Will You Be the Dinosaur or the Disruptor?: Shifting from Analog to Digital

Many companies are going through a shift from providing analog value to also providing digital value. In other words, analog businesses are those which started with tangible, physical things that they make or do in the world. Whether they have retail storefronts or build automobiles on an assembly line, most businesses with tangible goods started without digital value in mind—value which is created primarily on or around data, rather than physical things. These businesses aren't blind—they know that there is a new layer of business around software and technology—but they're not always sure how to make the leap to digital value. In that transition from a tangible business to one which also has software products and services embedded in everything they do, some big cultural changes need to happen, and some deeply-held worldviews and mindsets need to shift. That transition is much more complicated for a long-established a company than one which arose in the technology field, like a software company.

Beyond Disruptors and the Disrupted

There are companies out there that know something big is coming. We often call them the adaptors, in contrast to the ‘disruptors’ or ‘disrupted’ spoken of so often. While they may have started in the analog space and had enormous success there, they choose to send scouts to see what is on the horizon. These scouts come back and tell them what the ‘disruptors’ from Silicon Valley or other faraway lands may be coming with. Instead of being caught off-guard, they are doing what they can to be prepared—especially where they can take advantage of their considerable momentum, and human and financial resources. Before this happens, keen members of those organizations sense that something is happening—a rumbling in the ground—but can’t quite describe it. There may not yet be a language within the firm or the industry to discuss coming changes properly, to really create new partnerships and adjust strategy to be ready. So a big part of our work is helping people find language to describe what’s going on. A big part of that is helping to translate the technology issues, the cultural issues, and the legal or regulatory issues—all these different pieces that coalesce to be part of a larger shift.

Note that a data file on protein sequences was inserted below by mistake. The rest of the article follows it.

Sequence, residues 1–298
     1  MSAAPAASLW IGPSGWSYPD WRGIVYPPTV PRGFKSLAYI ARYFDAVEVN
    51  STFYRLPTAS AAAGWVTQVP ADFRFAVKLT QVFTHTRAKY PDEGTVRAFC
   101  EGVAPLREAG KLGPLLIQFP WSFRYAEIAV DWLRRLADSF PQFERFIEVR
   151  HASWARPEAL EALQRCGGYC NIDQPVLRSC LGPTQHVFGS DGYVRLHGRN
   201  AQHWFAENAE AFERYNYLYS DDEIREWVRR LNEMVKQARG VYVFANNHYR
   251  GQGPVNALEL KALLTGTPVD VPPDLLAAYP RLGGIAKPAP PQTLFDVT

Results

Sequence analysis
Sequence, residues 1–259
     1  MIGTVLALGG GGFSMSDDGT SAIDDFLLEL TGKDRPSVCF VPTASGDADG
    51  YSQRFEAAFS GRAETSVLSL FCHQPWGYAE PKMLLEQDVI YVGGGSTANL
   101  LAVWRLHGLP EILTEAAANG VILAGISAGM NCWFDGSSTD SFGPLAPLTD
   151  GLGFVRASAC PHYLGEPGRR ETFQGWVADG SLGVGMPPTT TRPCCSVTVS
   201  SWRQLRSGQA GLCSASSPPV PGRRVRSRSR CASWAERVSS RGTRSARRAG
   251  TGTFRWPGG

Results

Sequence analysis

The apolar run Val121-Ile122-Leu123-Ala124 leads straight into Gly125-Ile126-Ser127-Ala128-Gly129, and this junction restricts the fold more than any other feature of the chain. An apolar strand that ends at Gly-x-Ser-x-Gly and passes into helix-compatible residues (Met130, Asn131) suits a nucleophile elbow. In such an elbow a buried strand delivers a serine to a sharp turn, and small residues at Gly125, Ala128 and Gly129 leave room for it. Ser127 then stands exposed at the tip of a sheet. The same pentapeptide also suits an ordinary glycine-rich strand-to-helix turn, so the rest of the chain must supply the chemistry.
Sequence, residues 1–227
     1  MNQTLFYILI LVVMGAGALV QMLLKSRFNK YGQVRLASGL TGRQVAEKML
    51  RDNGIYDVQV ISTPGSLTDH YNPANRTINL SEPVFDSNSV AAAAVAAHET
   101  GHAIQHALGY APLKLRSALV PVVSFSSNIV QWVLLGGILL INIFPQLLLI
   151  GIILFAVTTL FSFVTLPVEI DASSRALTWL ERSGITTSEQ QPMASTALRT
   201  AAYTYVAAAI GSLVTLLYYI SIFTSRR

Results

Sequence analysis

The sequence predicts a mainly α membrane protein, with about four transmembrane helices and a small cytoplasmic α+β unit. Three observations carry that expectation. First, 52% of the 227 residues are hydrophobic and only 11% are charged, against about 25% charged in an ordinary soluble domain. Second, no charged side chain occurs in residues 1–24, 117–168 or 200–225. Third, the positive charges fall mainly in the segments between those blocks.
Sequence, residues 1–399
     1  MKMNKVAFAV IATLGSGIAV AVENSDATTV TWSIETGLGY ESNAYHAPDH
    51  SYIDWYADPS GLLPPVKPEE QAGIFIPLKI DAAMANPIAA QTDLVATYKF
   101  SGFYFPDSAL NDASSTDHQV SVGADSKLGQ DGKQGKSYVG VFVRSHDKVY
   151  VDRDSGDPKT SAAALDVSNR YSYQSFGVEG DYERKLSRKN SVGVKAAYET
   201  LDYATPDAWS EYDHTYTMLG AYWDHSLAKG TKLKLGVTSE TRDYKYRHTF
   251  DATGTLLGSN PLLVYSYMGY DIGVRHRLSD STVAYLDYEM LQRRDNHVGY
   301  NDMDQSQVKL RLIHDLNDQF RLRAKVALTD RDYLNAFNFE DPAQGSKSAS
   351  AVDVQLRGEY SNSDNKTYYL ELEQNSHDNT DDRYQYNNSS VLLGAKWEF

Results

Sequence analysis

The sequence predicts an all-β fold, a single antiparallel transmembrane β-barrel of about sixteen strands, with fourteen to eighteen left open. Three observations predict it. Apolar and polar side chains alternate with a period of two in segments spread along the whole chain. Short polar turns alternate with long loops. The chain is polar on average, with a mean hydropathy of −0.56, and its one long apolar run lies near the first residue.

Whose Job is Digital Transformation?

A great example is the automotive industry. A group of engineers in a large automaker could plan around a specific technology, like radar sensors in cars. Meanwhile, brand and marketing departments might talk about the connected car from the perspective of increasing positive ‘touchpoints’ with a customer. Production-focused parts of the company might talk about the evolution of the factory and how robots are to be integrated and quality improved—while union leaders will necessarily focus on jobs which will change or even end. Who, amongst all of that automaker’s people, is looking at the overall shift in automobility—the opportunity to create a new platform for mobility rather than just cars produced via factories and sold on dealer lots? This kind of thinking requires looking at a whole number of variables to make sure that we touch all the teams, technologies and resources that would be affected by those kind of changes.

Sometimes companies need a second set of eyes on the horizon to see things they may not be looking for. Predicting the future is an imperfect business, and no one group will have the right answers. Even leading digital-first firms—major tech companies—hire external firms to look at things one might think they would have already thought through, like what will happen in public policy vis-a-vis innovation, or how changing technology landscapes affect the way that people think of themselves as citizens. But smart companies often want a second perspective. It's important to include people with backgrounds in anthropology, ethics, and sociology—alongside those with backgrounds in innovation consulting and technology. All of these pieces to help bring stories from outside the organization—at or beyond the edges of its networks—back to the core of the organization’s decision makers. This invariably starts a conversation about the future, and so the next step is bringing the questions and ideas of those decision makers back out to the edges of their networks in an effort to help customers, employees, partners and the public at large all better understand each other and what implications there might be for the introduction of new technologies in the workplace and culture at large.